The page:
11.) To Have and To Hold (Sensational Spider-Man vol. 2 Annual #1) -
Writer: Matt Fraction, Pencils: Salvador Larroca
During Civil War, Pete and MJ are fugitives of the law. An agent of S.H.I.E.L.D. familiar with MJ has her cornered and feels he's got her where he wants the couple. So she begins to talk about her relationship with Peter. I consider this the true end of 616 Spider-Man and anything that comes after just whimsical adventures of a new universe that shares the same things. Better that than to even comprehend what truly happened.
This issue gets to the heart of why Pete and MJ are meant for one another. How one brings out the most in the other. There are little moments that I enjoy like MJ explaining to the agent of the mixtape Pete gave her. Of course then the whole reveal at the end as well.
Truthfully, this issue being so near One More Day makes the event sting so much more. It was as if Marvel wanted you to whole-heartedly hate OMD with this and another story coming out (another issue in the main series of Sensational with Peter meeting God and talking to Aunt May). If only this was the true end.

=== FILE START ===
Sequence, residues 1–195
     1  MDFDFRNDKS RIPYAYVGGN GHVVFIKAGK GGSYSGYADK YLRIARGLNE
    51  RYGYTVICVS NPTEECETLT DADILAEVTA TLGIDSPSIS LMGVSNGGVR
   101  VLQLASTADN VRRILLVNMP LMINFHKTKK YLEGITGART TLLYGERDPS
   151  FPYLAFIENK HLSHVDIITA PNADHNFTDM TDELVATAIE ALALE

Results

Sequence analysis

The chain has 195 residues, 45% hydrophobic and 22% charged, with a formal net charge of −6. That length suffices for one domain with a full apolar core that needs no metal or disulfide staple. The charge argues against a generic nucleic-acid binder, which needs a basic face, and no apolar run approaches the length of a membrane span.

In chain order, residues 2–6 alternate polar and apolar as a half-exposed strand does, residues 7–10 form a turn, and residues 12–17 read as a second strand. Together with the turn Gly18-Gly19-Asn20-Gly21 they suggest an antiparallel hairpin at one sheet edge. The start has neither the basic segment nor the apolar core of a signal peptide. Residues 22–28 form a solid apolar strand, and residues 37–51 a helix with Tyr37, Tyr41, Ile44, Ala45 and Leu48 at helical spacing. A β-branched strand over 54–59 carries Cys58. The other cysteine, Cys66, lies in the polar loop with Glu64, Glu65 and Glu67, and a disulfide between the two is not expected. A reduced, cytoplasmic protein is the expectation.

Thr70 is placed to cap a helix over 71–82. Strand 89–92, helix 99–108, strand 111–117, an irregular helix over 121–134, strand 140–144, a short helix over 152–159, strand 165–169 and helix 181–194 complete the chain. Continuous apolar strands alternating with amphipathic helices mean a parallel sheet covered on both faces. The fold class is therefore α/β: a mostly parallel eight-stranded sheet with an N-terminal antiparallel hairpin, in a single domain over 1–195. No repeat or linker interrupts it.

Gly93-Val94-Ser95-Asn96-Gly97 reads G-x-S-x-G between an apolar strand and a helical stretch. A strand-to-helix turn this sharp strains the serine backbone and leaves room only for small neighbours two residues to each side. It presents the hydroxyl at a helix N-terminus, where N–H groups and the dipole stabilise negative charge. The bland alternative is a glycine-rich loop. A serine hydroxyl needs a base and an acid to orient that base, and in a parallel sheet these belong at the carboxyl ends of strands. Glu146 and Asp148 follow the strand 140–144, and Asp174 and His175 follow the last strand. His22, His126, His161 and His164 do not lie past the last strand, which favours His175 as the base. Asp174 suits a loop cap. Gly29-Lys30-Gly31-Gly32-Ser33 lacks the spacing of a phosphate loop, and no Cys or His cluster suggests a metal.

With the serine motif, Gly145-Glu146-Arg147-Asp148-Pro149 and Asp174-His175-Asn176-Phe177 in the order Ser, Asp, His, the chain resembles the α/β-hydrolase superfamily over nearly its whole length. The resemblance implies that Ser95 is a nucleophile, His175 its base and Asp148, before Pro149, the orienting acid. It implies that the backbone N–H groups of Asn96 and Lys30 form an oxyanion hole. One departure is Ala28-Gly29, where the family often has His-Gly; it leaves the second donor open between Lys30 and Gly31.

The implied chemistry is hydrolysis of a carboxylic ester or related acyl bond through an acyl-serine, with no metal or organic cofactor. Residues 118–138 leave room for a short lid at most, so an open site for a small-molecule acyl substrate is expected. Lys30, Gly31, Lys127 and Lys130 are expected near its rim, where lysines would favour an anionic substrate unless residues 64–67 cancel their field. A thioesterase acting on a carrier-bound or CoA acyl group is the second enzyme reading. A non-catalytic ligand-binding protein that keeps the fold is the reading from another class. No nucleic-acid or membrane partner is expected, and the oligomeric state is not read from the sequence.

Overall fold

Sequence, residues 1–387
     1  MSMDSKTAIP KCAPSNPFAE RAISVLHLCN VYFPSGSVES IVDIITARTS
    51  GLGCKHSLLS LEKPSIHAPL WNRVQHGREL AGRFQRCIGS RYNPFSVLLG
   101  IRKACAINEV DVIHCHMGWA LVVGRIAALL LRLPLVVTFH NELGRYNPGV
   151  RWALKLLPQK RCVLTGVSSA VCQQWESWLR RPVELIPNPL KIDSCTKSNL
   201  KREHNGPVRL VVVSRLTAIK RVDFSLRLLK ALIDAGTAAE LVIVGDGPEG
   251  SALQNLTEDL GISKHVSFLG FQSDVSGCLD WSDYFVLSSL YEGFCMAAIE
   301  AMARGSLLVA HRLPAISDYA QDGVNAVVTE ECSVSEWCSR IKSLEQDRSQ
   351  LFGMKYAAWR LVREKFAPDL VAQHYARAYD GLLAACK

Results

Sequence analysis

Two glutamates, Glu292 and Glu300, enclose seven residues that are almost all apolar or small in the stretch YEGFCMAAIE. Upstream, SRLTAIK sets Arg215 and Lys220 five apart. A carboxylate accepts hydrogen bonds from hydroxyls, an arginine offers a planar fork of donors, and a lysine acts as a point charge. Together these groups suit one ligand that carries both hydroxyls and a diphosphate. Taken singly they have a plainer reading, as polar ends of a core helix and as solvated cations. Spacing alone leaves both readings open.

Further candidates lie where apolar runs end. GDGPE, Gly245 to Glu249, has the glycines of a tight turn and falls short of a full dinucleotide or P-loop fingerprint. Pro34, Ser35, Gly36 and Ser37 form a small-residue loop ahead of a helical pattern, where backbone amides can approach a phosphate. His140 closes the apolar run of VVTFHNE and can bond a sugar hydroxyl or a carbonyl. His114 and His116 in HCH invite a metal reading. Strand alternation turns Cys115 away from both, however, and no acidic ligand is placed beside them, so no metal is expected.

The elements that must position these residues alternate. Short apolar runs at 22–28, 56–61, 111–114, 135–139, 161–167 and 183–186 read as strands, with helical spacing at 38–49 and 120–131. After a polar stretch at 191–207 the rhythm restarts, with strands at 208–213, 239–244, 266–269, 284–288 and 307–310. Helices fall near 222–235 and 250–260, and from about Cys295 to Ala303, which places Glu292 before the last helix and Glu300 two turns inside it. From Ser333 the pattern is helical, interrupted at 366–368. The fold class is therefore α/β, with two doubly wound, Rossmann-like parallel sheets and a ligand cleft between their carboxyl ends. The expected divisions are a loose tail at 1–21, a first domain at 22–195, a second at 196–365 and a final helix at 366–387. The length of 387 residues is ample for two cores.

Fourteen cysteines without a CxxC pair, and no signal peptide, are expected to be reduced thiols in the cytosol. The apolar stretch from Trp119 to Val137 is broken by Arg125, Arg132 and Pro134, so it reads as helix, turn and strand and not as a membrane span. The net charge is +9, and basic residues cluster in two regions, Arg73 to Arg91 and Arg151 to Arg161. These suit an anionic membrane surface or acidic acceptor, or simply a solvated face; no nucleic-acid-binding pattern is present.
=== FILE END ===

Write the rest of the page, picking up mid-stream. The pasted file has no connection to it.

10.) The Death of Jean DeWolff (Spectacular Spider-Man vol. 1 #107-110) -
Writer: Peter David, Pencils: Rick Buckler
Loss is one of many recurring themes in Spider-Man books. Normally it's due to one tiny mistake on Peter's end that forever makes him feel guilty. Here not much the case, but the grief is of course. DeWolff was a respectable and highly resourceful ally/friend of Spider-Man's, and just how much Pete viewed the loss of her is covered with great detail. As is the first sign that something is slightly mentally off with Pete (he's wearing the alien costume at this time period) with his harsher view. In contrast, we have Daredevil who also loses someone and is more fully with abiding by the law.